Sunday, September 25, 2011

Author: Richard Rodriguez
Text: Aria
     “Did I somehow suspect that once I learned public language my pleasing family life would be changed?”
     This quote stuck in my mind and I found myself reading it over multiple times. Does changing a way of communication that’s so familiar to you change things? Of course it changes things in life. Communication is extremely important. Without communication, you wouldn’t be able to express an opinion, idea, or feeling. So when you ask a child to change how they express themselves, they get insecure and scared about the change. I know from experience how it is to be asked to change dialects. I had to retake the 1st grade because I couldn’t read in English. I think the transition from school to home is confusing. On top of that, you would have to switch from Spanish to English.

     “At last, seven years old, I came to believe what had been technically true since birth: I was an American citizen”
     To me, this quote embodies the importance of spoken language. In a way being fluent in English makes you American. At least that is how I understood the quote. Embracing the language is embracing a part of the culture. The more you embrace the more it becomes part of who you are. Most people identify themselves with a culture. So many of these new American born minorities adopted the American lifestyle instead of their foreign parents culture.

    “The silence at home, however, was finally more than a literal silence. Fewer words passed between parent and child, but more profound was the silence that’s resulted from my inattention to sounds.”
     Language is not only a bunch of words used to communicate. It is a way of passing down heritage and culture from past relatives. When the language of ones parents is no longer acknowledged its like the person is forgetting how to speak to their parent. Assimilating is useful if you want to understand the majority but its sad when you forget your roots. More and more American born Latinos don’t even know Spanish. If that pattern continued the language would be dead but those Latinos would have the same advantages of the other American born people.

Sunday, September 18, 2011

Talking Point #1

Author: Jonathan Kozol, Peggy McIntosh, Salim Muwakkil, Pat Parker
Text: "Amazing Grace", "White Privilege: Unpacking the Invisible Knapsack", "Data Show Racial Bias Persists in America", "For the White Person Who Wants to know How to be My Friend"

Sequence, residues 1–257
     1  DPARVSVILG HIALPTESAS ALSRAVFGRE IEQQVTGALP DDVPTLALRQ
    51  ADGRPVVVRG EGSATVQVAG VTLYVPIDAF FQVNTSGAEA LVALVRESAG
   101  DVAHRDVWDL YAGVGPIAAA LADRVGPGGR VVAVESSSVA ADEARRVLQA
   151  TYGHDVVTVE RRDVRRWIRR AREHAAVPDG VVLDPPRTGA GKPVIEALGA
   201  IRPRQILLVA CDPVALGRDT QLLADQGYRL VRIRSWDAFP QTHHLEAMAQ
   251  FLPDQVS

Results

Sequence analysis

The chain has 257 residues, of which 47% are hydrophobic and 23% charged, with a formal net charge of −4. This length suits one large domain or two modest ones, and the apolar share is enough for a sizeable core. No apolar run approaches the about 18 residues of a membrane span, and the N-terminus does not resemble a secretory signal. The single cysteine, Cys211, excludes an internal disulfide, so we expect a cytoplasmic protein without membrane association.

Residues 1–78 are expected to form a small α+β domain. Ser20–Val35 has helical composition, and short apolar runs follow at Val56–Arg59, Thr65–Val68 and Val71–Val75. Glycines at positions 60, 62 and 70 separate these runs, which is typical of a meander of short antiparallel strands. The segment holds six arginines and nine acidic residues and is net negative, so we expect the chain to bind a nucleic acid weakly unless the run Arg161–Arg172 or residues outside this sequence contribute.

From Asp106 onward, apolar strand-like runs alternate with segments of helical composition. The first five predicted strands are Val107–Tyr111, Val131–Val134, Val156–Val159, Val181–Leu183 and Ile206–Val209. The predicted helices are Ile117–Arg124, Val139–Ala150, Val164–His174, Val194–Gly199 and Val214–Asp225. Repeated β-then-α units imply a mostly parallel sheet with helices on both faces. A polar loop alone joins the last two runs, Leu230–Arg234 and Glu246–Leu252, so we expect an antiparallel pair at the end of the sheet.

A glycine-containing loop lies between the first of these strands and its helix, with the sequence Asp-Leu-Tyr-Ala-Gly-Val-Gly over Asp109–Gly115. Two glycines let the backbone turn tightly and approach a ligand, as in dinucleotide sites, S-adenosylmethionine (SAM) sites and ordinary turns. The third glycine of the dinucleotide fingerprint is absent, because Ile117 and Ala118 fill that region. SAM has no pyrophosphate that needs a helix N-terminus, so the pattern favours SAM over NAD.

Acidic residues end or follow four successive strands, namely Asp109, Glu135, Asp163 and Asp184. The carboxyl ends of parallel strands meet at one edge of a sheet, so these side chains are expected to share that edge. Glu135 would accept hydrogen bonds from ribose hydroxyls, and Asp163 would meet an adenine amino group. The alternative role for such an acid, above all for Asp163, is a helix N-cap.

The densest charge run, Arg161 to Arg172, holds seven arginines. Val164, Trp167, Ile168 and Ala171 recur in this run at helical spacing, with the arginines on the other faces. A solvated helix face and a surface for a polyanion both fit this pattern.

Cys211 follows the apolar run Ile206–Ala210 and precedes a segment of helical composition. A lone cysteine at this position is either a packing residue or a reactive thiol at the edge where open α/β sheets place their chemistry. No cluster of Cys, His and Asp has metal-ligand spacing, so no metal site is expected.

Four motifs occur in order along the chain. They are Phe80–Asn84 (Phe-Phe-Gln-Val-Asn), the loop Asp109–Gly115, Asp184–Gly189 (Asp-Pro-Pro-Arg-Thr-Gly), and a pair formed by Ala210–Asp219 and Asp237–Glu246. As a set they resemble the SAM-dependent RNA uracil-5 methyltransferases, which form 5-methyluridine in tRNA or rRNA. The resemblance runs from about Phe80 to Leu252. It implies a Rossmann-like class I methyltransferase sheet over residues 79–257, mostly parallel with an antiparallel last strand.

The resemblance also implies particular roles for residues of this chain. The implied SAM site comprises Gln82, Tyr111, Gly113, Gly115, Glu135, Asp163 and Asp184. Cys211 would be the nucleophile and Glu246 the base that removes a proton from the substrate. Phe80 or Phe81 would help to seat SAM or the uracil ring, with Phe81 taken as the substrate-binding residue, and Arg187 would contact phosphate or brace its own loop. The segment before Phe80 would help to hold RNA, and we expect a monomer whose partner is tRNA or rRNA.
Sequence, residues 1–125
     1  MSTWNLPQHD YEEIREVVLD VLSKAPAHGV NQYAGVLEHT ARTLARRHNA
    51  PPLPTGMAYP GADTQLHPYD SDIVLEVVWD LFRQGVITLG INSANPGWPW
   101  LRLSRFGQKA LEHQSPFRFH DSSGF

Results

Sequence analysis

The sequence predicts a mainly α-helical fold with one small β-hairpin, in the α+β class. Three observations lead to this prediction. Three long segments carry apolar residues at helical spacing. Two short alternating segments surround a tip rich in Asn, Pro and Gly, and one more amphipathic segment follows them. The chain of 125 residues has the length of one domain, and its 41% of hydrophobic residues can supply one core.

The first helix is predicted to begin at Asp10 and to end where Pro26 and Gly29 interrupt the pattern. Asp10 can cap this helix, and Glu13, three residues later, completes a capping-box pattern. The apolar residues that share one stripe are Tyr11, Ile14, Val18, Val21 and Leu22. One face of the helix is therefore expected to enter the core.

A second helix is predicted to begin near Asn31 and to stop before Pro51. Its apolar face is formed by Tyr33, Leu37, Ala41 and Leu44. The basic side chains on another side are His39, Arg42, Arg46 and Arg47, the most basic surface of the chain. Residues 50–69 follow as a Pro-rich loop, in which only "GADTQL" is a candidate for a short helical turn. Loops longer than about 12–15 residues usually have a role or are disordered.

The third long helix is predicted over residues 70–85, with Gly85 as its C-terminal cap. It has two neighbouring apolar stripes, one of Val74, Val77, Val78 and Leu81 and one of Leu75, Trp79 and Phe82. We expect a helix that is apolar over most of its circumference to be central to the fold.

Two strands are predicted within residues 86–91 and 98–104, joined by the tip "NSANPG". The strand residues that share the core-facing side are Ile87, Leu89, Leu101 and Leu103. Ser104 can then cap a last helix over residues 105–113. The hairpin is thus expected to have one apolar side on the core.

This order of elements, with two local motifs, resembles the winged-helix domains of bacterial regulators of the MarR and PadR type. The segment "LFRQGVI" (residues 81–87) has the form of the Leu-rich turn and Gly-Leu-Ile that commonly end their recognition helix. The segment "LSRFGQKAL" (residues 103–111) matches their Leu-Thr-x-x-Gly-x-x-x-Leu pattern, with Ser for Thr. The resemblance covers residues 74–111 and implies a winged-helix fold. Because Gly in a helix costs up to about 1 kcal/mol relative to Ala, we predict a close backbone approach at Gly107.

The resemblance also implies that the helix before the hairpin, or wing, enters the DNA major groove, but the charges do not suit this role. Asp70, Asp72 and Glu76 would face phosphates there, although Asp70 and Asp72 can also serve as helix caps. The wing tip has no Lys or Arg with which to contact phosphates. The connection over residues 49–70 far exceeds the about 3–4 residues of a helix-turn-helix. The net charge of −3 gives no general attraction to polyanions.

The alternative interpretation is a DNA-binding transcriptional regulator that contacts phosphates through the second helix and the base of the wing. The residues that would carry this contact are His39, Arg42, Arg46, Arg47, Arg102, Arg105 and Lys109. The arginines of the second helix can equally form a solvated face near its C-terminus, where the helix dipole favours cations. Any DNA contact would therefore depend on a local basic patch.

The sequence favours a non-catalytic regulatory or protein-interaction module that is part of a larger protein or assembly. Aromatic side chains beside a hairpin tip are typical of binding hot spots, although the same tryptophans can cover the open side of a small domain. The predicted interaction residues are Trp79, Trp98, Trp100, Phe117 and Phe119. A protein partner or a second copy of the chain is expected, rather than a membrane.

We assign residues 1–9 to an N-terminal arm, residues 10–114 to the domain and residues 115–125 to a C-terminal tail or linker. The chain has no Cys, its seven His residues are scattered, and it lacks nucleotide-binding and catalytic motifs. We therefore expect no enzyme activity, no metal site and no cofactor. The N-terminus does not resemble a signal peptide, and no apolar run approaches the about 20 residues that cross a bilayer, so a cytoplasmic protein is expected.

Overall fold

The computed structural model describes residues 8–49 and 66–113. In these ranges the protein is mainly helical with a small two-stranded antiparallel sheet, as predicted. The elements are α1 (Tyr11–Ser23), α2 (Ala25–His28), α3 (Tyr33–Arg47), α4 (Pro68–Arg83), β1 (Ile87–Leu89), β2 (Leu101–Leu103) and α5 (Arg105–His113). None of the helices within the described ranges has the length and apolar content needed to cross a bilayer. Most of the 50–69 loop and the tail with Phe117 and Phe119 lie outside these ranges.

Reflection:     The first reading by Kozol resonated with me. It was incredibly sad and bleak. The saddest part is that I can remember hearing many stories that parallel to the events portrayed in this particular text. Many people go though poverty and disease. They need assistance and have to do more than most just to get a checkup. The part Kozol wrote about walking through the ghetto with the small boy Cliffie was one of the more memorable parts of the reading. I just kept thinking to myself that I don’t even walk around my neighborhood and that little boy walked around in that horrible neighborhood fearless.
     I thought the writing by Pat Parker was hilarious. I completely agree with the idea that some white people act oversensitive around some people of color because they want to come off as pleasant and inoffensive. I love it when writers are honest and straight to the point because I was raised to speak that way. To me, tip toeing around a touchy subject is not necessary. If you want to say something just say it.
     The reading about white privilege was enlightening. I never thought about how what’s so obvious to be is oblivious to others. I just assumed white males knew they could do certain things that I couldn’t. I remember when speaking to one of my white male friends about working out. He said jogging around my neighborhood would be a good exercise and I told him that would be impossible for me. I couldn’t just run around the west end of providence and he looked at me as if I was crazy. So what made so much sense to me was outrageous to him.
      In class I want to discuss the idea of educating people about cultural differences. I would like to reflect on the text about privilege. The thought that I didn’t think that others cant relate to me makes me feel uneasy but if there is a dialogue between different cultures, then we could all try to find a way to understand each other. Understanding the differences ties in with everything. If you know everyone’s rules you can share your rules and either go along or change things.